‘The One’ came close to being the one that hit the top of the charts first for Allan. Coming in at #3, it’s a kind and loving gentleman’s ballad written by Karen Manno and Billy Lee. Allan isn’t going to rush his girl who has been hurt before, but instead promises,

I’ll fill those canyons in your soul
Like a river lead you home
And I’ll walk a step behind
In the shadows so you shine
Just ask it will be done
And I will prove my love
Until you’re sure that I’m the one

It is a beautiful song, but the production is too heavy on the dreamy echo effects and background vocals for my taste. The interplay between Gary’s vocals and the melodic acoustic guitar line would have been enough.

Third time’s the charm, apparently. ‘Man to Man’, the third single off the album, was Allan’s first #1 on Billboard. Written by Jamie O’Hara, it’s sung by “the guy who got the girl” to “the guy who lost her”. It makes me think of a pool hall kind of scene in which the “loser” confronts the singer who turns and points out who’s really at fault and who’s really the better man. With lines like Were you ever there when she needed you, and Who cheated who/You’re the one to blame, he takes on the bully point for point.

The line that has always stood out to me, partly because of Allan’s great vocal on it, is She’s a real woman, not a doormat for you.

Again, the production is what gets in the way for me – the pop drums and background vocals don’t add to the character’s strength at all. And Allan’s cry-ee-eye-ee sends me back to 50s pop. However, it’s very sing-able and relatable with a catchy chorus and a recognizable intro – the stuff that often does well at radio.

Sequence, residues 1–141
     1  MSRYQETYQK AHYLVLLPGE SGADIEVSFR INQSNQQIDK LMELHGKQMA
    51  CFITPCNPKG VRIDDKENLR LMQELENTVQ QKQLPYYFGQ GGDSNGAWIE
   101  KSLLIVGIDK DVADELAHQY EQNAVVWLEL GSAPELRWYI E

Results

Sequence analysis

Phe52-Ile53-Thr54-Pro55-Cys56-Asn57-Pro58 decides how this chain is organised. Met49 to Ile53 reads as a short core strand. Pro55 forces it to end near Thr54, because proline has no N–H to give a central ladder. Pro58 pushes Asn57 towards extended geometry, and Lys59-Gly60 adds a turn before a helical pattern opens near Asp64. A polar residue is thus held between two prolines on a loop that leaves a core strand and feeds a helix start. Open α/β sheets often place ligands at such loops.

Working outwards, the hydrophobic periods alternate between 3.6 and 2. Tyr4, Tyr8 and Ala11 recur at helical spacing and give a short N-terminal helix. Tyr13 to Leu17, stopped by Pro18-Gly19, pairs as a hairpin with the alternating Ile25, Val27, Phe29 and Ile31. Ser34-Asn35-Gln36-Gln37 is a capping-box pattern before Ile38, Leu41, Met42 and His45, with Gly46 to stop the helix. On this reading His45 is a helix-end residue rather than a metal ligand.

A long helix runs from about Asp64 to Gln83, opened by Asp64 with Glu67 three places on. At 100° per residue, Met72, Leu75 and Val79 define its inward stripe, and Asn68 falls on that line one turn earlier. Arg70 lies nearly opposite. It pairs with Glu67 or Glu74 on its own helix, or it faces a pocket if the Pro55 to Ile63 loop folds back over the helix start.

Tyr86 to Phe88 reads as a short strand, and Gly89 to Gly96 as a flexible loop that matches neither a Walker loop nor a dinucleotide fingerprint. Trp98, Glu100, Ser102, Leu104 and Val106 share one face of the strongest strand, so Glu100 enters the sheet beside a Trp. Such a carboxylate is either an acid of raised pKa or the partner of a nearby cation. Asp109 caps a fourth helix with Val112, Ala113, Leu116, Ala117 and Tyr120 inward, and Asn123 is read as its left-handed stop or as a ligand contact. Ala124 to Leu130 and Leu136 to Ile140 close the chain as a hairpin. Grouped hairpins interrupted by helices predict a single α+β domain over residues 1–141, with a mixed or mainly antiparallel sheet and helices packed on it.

The best songs on the album weren’t released to radio though. ‘Devil’s Candy’, one of 5 Harley Allen songs Gary has recorded, has a great hook and some great fiddle: I’ve always had a sweet tooth for the devil’s candy. Fiddles seem to exemplify that fiery battle with temptation, and this song’s no exception.

Read more of this post

Album Review: Gary Allan – ‘It Would Be You’

Gary’s second album for Decca was released in May 1998, and was in many ways a continuation of the approach taken on Used Heart For Sale, but with generally better material. Like that record, it was produced by Mark Wright and the songwriter Byron Hill who had helped Gary get his deal.

The title track and leadoff single was another top 10 hit for Gary, a brooding song about a woman who epitomises the worst kind of heartache:

If it was a full moon it would be a total eclipse.
….
But if we’re talking ‘bout a heartache, it would be you

Following the pattern of his debut, the ensuing singles performed disappointingly, failing to make the top 40. ‘No Man In His Wrong Heart’ is a fine song (written by Ronnie Rogers and Trey Bruce) which deserved to do much better, a tenderly delivered tale of resisting temptation one night while affirming the protagonist’s love for the woman at home. The third and final single, ‘I’ll Take Today’ (previously recorded by Tanya Tucker) is based on a similar situation, in this case with the protagonist running to an old flame, and telling his loved one that his ex is no threat to their relationship:

Old times, next to you, can never come close
I’ll take today over yesterday, any day

Gary Allan’s love songs are never saccharine – there is usually some kind of pained undercurrent of a troubled past which, together with the grainy tone of his voice adds a real sense of authenticity to the romantic sentiments. In similar vein is the mellow-sounding Jamie O’Hara/Gary Nicholson song ‘I Ain’t Runnin’ Yet’, which has a man used to shying away from anything approaching commitment and now taken unawares by his feelings. If Decca had not closed down, perhaps this would have been a fourth single.

‘Don’t Leave Her Lonely Too Long’ (a single for co-writer Marty Stuart in 1989) picks up the tempo. It is one of two cuts from Kostas, the other being ‘Red Lips, Blue Eyes, Little White Lies’. Both songs are pretty good, and bring some variety to the record, but individually neither is particularly distinctive.

Read more of this post